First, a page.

Citalopram (Celexa) Antidepressant

Citalopram (Celexa) belongs to the class of antidepressants

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Citalopram (Celexa) belongs to the class of antidepressants called Selective Serotonin Reuptake Inhibitors (SSRIs). It is available in 10-, 20- or 40-milligram tablets or as an oral solution.

Indications and Usage of Citalopram

Citalopram HBr (Celexa) is used for the treatment of depression.

Contraindications of Citalopram

Concomitant use with Monoamine Oxide Inhibitors (MAOIs) is contraindicated. Serious, sometimes fatal, reactions may occur.

Those with a hypersensitivity to citalopram or any of the inactive ingredients should not use it.


Hyponatremia; activation of mania/hypomania in those with bipolar disorder; use with care in those with a history of seizure disorders; supervise closely during the initial stages of treatment for suicide risk; potential interference with cognitive and motor performance; clinical experience with certain concomitant clinical illnesses is limited and caution should be exercised with these, including those with altered metabolism or hemodynamic response, heart disease or hepatic impairment.

Drug Interactions

Discuss potential drug interactions with your physician if you use any of the following: CNS drugs, alcohol, monoamine oxidase inhibitors, cimetidine, digoxin, lithium, theophylline, sumatriptan, warfarin, carbamazepine, triazolam, ketoconazole, CYP3A4 and 2C19 inhibitors, metoprolol or imipramine and other tricyclics.

Carcinogenesis, Mutagenesis, Impairment of Fertility

There was no evidence of carcinogenesis in mice given 20 times the recommended human dose. There was an increased risk of small intestine carcinoma in rats given 1.3 to 4 times the recommended human dose. Certain in vitro studies found evidence of mutagenicity while others did not.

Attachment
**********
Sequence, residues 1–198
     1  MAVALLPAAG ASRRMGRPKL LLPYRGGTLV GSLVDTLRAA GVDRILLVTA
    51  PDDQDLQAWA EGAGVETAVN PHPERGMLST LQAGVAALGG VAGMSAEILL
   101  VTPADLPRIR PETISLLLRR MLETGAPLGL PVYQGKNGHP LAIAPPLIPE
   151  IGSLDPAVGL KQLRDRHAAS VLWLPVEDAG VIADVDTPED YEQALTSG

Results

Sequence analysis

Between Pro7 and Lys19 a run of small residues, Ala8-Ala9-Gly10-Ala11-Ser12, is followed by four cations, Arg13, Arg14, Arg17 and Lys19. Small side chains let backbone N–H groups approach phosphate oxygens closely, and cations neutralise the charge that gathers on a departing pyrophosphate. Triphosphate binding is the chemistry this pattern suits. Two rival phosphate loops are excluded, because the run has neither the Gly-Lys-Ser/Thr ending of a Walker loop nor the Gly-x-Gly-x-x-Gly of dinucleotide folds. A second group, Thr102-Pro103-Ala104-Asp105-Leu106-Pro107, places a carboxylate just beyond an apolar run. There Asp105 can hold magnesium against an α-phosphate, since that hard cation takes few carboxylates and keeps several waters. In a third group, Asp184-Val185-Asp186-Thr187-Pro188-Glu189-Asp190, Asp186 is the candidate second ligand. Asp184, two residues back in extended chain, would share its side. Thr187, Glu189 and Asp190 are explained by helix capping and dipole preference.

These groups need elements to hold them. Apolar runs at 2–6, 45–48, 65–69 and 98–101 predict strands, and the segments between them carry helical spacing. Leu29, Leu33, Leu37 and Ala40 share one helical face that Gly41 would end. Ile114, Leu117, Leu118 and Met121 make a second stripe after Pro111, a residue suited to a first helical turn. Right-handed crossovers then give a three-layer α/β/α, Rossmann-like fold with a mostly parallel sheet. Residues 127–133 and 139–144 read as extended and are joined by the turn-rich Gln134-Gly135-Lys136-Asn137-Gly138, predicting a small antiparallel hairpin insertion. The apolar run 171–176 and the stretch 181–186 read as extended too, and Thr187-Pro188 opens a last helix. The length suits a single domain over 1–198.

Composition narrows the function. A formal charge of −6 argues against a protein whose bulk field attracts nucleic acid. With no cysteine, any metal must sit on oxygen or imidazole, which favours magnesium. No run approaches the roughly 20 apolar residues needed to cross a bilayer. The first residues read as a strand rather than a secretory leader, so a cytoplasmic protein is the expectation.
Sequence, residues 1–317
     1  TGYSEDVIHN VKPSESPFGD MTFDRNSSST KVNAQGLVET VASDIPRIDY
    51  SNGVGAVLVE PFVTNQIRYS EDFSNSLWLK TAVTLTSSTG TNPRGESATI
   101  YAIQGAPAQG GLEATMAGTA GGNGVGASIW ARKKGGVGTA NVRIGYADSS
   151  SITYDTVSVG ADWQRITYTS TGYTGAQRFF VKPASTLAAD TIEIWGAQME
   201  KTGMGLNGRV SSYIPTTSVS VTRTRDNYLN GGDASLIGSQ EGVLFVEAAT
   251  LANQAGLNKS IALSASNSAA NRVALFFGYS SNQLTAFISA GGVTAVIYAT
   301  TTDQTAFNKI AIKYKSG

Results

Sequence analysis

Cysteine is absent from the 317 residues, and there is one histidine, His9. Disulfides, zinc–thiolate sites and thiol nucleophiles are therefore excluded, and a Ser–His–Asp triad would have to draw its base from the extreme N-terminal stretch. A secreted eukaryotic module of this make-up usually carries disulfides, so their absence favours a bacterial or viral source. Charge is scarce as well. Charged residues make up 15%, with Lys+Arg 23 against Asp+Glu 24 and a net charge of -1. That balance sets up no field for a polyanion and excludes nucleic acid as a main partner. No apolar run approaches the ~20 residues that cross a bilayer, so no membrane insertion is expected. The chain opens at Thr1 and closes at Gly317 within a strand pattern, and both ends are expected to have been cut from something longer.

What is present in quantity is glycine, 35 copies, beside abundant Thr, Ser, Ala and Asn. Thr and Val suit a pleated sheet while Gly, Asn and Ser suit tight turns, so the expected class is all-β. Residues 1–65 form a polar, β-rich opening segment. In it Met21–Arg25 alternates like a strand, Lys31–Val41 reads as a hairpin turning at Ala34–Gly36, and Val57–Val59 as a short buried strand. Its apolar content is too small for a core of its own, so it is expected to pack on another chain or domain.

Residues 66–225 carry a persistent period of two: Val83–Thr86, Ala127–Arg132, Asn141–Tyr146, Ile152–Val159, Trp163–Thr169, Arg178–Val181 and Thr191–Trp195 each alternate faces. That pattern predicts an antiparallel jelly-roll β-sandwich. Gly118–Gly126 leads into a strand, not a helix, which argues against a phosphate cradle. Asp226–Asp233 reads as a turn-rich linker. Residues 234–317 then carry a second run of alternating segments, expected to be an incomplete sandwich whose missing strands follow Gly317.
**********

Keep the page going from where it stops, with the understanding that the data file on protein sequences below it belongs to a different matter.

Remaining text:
Rats fed citalopram experienced decreased mating and fertility. It is not known what implication these animal studies have for humans.

Pregnancy and Lactation

Citalopram HBr (Celexa) is a Class C drug. There are no adequate studies of pregnant women using this drug. It should be used during pregnancy only if the potential risk to the fetus is outweighed by the benefit to the mother. Celexa is excreted in breast milk. There have been two reports of infants experiencing excessive somnolence, decreased feeding and weight loss after being breastfed by a mother using citalopram.

Adverse Reactions

At least 2% of patients in placebo-controlled trials experienced the following: dry mouth, increased sweating, tremor, nausea, diarrhea, dyspepsia, vomiting, abdominal pain, fatigue, fever, arthralgia, myalgia, somnolence, insomnia, anxiety, anorexia, agitation, dysmenorrhea, decreased libido, yawning, upper respiratory tract infection, rhinitis, sinusitis, ejaculation disorder or impotence.

Drug Abuse and Dependence

Citalopram HBr (Celexa) is not a controlled substance.

Animal studies suggest that it is not likely to be a drug of abuse.

Dosage and Administration

Citalopram HBr (Celexa) should be administered at an initial dose of 20 mg daily, generally with an increase to 40 mg daily. Increases should occur in 20 mg intervals no closer together than once a week. There is no demonstrated advantage to taking 60 mg over 40 mg. The daily dose may be taken morning or evening, with or without food. The elderly or those with hepatic impairment should begin at 20 mg daily and titrate to 40 mg if no response is obtained. No dosage adjustment is required for those with mild to moderate renal impairment. Caution should be used for those with severe renal impairment. At least 14 days should elapse between stopping an MAOI and beginning citalopram.

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